Phony deputies are calling people and threatening to arrest them in new scam

Close up of hands holding phone with unknown caller
Adobe

People across the country are receiving threatening calls from scammers claiming to be with their local police or sheriff’s department.

Sarah Cadwallader said a man called her, identifying himself as a local sheriff’s deputy. A few hours earlier, he had left a frightening voicemail.

“Mrs. Cadwallader, you have some urgent matters that need to be addressed as soon as possible,” the man on the voicemail said. “You’re not in any immediate trouble. Could you please contact me at your earliest convenience?”

When Cadwallader finally spoke with the man, he claimed she was overdue for court.

“He told me I had missed a court date back on Oct. 24, and it was involving a juvenile,” she said.

Even worse, he told her, “If I do not appear, there is a warrant out for my arrest.”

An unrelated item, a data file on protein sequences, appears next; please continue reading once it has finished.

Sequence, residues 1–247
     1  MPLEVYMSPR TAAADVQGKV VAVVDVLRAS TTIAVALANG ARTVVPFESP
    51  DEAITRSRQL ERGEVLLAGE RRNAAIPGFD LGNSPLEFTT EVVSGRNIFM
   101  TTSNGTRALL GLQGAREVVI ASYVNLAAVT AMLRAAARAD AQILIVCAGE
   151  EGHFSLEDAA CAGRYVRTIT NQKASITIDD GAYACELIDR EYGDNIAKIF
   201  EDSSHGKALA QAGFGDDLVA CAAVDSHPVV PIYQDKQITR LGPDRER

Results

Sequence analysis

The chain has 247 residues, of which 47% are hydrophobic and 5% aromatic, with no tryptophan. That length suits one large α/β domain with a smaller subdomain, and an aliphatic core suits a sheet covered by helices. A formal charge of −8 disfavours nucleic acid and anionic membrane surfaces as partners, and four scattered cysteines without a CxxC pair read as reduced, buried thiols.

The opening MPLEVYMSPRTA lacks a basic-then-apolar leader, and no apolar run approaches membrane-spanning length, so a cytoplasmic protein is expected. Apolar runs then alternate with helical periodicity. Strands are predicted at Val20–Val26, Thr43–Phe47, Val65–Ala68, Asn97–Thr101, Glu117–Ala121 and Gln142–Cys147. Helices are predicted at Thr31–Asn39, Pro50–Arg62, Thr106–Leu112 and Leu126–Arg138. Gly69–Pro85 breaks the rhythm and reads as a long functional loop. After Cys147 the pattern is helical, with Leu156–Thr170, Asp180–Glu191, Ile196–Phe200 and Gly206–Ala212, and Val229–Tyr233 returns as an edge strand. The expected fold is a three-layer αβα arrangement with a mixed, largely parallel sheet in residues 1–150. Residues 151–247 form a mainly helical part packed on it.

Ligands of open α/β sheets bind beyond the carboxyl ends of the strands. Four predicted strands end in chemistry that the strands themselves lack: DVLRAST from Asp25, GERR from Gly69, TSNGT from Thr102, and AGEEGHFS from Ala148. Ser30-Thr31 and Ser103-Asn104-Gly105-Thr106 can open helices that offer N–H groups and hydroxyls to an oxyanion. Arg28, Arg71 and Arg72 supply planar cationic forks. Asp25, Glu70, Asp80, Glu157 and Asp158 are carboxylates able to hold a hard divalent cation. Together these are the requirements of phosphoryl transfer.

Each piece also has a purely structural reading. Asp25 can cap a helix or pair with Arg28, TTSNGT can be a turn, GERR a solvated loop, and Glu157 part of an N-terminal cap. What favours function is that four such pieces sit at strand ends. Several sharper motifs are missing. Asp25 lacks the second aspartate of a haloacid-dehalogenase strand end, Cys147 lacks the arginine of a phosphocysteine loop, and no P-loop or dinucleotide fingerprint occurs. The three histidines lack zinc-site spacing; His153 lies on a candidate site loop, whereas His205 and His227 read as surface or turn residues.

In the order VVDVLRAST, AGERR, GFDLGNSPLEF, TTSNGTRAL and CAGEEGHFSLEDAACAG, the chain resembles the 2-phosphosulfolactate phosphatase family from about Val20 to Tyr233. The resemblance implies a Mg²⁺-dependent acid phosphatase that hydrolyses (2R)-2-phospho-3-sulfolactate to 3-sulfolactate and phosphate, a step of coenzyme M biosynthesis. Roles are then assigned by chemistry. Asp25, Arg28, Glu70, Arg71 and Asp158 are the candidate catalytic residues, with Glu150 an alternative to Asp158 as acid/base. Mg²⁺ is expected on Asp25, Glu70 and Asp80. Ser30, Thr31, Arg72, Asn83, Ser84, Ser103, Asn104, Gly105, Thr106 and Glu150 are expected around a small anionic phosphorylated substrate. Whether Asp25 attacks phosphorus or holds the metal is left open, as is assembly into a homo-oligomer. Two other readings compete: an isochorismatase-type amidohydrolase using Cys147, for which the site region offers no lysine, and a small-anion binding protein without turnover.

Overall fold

Call sounds legitimate

As a social worker who dealt with families and children, Cadwallader thought the call was legitimate.

“It was very scary because I was thinking, ‘What did I miss? Maybe there was a court case or something,'” she said.

Cadwallader was spared the scam after alerting a friend who works in law enforcement.

“My friend told me to hang up because the next thing they would want is money, and that they would want to settle it,” Cadwallader said.

What to do if you get the call

Cadwallader wants to warn others about the scam.

“If you receive a call like that, ask questions, find out what county they are in. It is OK to say, ‘I’d like to check your badge number,'” she said.

People can then call their local law enforcement department to verify the information.

No police or sheriff’s department will call a person demanding payment on the spot to avoid an arrest. Hang up on them, so you don’t waste your money.

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John Matarese

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